I see a number of ball heads for sale that have a long quarter-inch screw and plastic knob threaded on it. To attach it to the camera, you have to spin the camera or the tri (mono) pod a few revolutions before snugging up the nut. That might be OK for tiny compact cameras where a release plate is not much smaller than the whole camera, but these are rated for example for 6 pounds or 30 pounds or other heavy loads.

Given a merely 3-pound DSLR and carbon fiber tripod, I would worry about breaking something before the screw was grabbing enough threads to take some torque. That is beside then worry of dropping something.

Is there a point other than to pick a quick-release plate separately? For semi-permanent attachment like we see between heads and legs, I think it would be designed differently and not have a permanent extra length of screw between the components, and a weaker screw at that?


I think it's simply because then you can attach a quick-release plate which matches the system you're using — you can buy those separately too.


There are a lot of uses for those handy little ball-heads. I use one on my monopod. A lot of time you can see them being used to for lighting support or to hold a cheese plate at a certain angle so it doesn't interfere with your other cables or hold an accessory bar at a certain angle... and some of them are pretty cheap.


A long 1/4" screw with a nut allows for more thread engagement and a more secure attachment. A plain screw is meant to be tightened with a tool versus just with the fingers as is how many release plates are designed.

A plain screw with snugging nut allows for adjustable thread engagement (more threads for a heavier load) and the ease of a snugging nut. It also lets you apply the tightening torque to the plastic nut and camera, and not apply torque to the tripod, which could increase the risk of damage to the tripod itself.

For the most secure fit, when using a plain screw with snugging nut, screw the screw all the way in until it just touches the bottom of the hole, then back it out one quarter of a turn and snug the nut.


Even the best quick releases do not hold so tight to whatever is attached to them as a good old screw (also on the tripods I have/had I never had to turn the camera to fix anything). This might be especially true for non-level angles.

So there might be some equipment that you want to attach there, where it makes more sense to have the tight grip of a screw. This might be

  • A (n automatic) pano head
  • a much bigger lense (I personally do not trust quick releases to hold big lenses, and I don't need to get them of quickly anyways)
  • Unusual mounting of the lense (e.g. hanging support, double support, vibration dampening)

Together with the point mentioned by mattdm it makes more sense to sell one tripod that people can customize to fit their "system" than to try selling multiple ones compatible to whatever "system" you use.

  • I have to disagree that the best quick releases don't hold as tight as a screw. The difference is that the QR plate still attaches by a screw, so you get an EXTRA point of failure rather than one that is less secure. You still have all the possible failings of a screw mount, but also get the more limited but still present potential failings of a quick release plate. – AJ Henderson Dec 1 '14 at 17:03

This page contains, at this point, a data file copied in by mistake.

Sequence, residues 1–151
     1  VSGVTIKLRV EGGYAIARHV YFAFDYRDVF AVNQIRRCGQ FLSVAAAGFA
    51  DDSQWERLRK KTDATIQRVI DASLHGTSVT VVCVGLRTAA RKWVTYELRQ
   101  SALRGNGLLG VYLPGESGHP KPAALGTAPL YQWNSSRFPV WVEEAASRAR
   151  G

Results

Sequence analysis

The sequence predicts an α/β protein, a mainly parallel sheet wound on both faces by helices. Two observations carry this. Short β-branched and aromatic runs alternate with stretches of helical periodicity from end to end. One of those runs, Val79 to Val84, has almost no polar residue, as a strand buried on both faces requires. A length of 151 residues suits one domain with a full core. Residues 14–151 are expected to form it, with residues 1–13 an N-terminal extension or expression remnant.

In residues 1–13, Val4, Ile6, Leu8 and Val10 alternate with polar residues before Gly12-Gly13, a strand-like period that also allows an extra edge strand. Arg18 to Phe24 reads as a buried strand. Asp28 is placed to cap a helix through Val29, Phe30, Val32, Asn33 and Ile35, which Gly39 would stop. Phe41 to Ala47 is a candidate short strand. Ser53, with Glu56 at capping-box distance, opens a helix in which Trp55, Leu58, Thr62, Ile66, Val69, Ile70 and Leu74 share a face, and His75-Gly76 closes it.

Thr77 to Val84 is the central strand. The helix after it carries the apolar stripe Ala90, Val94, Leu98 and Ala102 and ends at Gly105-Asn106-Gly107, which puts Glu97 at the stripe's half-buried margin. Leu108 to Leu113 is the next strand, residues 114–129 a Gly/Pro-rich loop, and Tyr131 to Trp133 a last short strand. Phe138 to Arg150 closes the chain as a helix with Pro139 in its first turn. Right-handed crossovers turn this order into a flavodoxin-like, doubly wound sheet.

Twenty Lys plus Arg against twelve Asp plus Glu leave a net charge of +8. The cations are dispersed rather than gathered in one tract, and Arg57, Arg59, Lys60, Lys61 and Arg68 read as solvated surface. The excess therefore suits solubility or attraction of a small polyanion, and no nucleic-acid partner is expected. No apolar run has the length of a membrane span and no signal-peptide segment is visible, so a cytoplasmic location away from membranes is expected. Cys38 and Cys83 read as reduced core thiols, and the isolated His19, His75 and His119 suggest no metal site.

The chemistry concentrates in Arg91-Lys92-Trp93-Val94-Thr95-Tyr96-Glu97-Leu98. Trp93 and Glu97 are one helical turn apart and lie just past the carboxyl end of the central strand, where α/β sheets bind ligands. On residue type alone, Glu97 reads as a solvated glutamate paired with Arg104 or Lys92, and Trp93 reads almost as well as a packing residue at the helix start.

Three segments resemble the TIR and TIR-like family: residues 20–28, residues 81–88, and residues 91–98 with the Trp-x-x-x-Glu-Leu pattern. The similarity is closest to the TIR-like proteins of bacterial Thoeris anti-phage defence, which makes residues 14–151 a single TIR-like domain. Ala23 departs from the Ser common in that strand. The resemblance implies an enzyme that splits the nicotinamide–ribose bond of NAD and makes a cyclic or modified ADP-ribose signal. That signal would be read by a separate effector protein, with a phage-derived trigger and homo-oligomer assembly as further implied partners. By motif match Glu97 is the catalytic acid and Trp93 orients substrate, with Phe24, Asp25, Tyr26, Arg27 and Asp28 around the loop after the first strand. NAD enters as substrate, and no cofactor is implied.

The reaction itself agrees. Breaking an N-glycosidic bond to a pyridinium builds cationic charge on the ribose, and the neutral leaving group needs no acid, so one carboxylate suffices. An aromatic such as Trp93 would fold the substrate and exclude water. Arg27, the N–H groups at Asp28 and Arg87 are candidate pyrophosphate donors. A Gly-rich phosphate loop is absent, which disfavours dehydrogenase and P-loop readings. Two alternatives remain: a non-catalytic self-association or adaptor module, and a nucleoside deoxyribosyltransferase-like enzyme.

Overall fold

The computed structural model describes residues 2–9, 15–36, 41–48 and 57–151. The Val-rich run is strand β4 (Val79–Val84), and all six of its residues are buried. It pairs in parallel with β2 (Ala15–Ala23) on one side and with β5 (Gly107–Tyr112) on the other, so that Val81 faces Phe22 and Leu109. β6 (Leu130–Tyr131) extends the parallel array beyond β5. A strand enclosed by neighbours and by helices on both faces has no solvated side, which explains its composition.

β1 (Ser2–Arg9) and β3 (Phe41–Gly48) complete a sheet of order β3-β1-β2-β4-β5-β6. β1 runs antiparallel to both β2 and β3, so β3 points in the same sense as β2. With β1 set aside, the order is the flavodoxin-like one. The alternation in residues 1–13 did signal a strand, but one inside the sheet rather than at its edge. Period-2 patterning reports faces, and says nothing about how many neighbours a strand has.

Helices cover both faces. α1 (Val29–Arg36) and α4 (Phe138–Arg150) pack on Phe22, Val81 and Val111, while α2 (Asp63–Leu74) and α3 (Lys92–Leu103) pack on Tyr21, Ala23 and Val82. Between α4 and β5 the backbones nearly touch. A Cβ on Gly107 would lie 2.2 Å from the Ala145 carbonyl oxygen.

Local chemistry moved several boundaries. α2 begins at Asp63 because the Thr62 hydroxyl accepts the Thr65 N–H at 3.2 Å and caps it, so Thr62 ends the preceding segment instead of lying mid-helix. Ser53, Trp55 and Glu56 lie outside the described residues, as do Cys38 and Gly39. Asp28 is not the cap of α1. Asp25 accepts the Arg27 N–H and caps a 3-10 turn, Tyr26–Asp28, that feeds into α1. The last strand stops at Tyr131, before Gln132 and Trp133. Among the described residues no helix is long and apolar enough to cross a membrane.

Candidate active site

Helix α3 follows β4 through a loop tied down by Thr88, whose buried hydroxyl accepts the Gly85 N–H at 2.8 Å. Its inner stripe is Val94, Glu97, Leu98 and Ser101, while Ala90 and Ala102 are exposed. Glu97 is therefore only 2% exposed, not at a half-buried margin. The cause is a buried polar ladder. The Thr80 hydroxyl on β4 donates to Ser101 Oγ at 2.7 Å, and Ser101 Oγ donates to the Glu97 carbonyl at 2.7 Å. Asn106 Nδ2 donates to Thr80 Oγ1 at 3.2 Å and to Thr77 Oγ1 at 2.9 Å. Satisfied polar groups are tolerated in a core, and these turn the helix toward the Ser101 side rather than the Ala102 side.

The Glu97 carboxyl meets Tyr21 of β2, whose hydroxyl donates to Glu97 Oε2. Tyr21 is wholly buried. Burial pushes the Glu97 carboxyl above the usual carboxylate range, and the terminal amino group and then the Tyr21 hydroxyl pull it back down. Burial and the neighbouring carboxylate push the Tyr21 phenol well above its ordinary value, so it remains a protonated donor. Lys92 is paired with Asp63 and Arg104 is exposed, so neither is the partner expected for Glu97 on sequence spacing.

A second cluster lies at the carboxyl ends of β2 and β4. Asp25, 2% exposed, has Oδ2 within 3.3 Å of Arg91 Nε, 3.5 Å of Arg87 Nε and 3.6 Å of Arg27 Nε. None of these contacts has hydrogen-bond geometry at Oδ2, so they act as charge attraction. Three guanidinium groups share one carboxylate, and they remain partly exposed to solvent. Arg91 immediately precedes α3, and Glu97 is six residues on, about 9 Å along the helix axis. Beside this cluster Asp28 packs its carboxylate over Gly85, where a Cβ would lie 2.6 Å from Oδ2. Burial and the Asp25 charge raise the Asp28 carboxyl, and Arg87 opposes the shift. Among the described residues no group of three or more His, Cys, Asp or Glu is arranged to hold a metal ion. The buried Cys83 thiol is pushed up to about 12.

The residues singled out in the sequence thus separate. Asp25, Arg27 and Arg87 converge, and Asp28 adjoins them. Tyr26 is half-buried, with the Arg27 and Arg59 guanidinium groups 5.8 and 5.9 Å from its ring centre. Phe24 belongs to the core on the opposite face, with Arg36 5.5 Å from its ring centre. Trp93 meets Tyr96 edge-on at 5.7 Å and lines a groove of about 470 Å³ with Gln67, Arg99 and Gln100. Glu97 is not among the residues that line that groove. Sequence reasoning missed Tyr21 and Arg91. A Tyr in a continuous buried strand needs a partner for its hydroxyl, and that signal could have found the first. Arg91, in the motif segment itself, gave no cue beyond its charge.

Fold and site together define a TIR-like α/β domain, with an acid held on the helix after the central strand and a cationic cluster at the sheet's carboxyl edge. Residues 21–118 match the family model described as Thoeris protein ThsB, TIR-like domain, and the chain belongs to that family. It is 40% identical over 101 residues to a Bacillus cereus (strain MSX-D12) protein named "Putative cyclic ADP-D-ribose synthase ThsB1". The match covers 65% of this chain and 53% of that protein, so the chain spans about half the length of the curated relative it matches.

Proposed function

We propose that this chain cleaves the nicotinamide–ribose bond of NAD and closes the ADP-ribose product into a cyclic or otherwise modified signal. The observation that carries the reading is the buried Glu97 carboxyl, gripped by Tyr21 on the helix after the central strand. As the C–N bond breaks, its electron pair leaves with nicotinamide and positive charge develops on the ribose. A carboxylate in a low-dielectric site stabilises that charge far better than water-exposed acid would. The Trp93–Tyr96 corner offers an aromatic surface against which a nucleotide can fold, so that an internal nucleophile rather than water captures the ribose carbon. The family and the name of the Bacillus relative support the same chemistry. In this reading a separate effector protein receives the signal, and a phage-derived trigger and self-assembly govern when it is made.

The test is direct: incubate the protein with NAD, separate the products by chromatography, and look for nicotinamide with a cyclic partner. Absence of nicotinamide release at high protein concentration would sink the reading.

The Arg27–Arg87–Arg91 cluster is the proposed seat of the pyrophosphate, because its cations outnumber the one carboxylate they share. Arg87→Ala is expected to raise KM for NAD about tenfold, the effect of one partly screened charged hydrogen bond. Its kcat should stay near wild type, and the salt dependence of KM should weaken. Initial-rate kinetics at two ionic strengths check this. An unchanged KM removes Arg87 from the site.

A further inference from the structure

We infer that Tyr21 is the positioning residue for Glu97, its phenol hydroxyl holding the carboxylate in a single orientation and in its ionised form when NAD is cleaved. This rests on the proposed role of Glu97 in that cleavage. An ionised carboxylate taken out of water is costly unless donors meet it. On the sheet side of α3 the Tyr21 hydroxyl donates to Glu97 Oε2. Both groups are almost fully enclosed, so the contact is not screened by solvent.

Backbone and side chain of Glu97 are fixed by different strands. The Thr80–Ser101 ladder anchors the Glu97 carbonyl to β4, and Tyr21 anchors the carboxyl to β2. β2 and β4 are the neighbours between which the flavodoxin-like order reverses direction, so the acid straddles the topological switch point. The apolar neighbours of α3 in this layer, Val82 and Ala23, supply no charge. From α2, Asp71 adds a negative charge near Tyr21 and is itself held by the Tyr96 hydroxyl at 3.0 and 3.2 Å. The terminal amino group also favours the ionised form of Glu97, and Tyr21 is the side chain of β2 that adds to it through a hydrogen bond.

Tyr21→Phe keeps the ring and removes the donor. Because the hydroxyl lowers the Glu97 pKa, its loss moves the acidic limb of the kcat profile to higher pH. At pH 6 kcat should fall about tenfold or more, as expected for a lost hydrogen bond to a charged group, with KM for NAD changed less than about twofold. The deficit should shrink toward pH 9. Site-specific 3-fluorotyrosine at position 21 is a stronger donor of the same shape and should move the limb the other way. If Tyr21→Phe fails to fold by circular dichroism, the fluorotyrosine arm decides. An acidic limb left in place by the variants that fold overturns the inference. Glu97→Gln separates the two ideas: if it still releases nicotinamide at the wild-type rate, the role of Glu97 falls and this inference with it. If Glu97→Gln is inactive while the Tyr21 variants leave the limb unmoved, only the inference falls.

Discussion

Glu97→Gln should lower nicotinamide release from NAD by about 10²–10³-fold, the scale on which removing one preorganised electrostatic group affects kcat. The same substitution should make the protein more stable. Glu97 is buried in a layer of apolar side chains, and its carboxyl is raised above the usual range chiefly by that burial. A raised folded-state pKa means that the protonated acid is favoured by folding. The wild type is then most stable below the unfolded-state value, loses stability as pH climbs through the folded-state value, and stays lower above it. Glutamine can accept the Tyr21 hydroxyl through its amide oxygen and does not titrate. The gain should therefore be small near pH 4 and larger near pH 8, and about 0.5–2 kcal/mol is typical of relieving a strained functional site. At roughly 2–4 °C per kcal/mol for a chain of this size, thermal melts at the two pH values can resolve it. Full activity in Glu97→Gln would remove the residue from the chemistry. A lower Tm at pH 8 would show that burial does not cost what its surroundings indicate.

• @AJHenderson: Maybe you have a better one or better luck with manufacturing tolerances, but whenever I tried any with heavier equipment, there is significant wiggle space that I do not have with just a screw. – PlasmaHH Dec 1 '14 at 22:05

Quick release plates are great, but if you don't need the quick release ability, they add weight, they add size and they add a potential point of failure.

Overall, a good QR plate should be every bit as secure as a screw mount, and potentially even more secure as they can incorporate locking mechanisms that a screw mount lacks, however, the camera still has to attach to one side of the QR system, and it does so by... a screw mount. You are using a screw mount regardless of a QR system or not. The QR system is just an additional device to allow quick removal.

Since it has weight, size, and its own potential to fail (even if less than the screw), it can make sense to avoid using it if you don't need the quick removal option.

That said, in most cases, it will be worth using the QR option since there are a variety of pretty light QR options and the QR plate can be attached very tightly once and then left in place rather than having to frequently attach and remove a screw mount by hand (which adds wear and tear on the screw mount in addition to being hand tightened rather than tooled on.

  • I did this at one point - stuck the QR plate on my camera more or less permanently. It was a BAD idea. Due to microscopic differences in the tripods I use, some of the plates wobble on some of the tripods. – Jasmine Dec 1 '14 at 18:44
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    @Jasmine - that's a problem with your QR plate system then. A good QR plate design should lock in place securely with exceedingly large amounts of force and friction (thanks lever action). Cheap QR systems are more likely to have issues. – AJ Henderson Dec 1 '14 at 18:47
  • No it's a mismatch between the plates and the two tripods. They fit tightly when they are on the right one. – Jasmine Dec 1 '14 at 19:14
  • @Jasmine - yes, a good QR system has standardized plates and tightens in such a way that minor variations wouldn't matter anyway. – AJ Henderson Dec 1 '14 at 19:27

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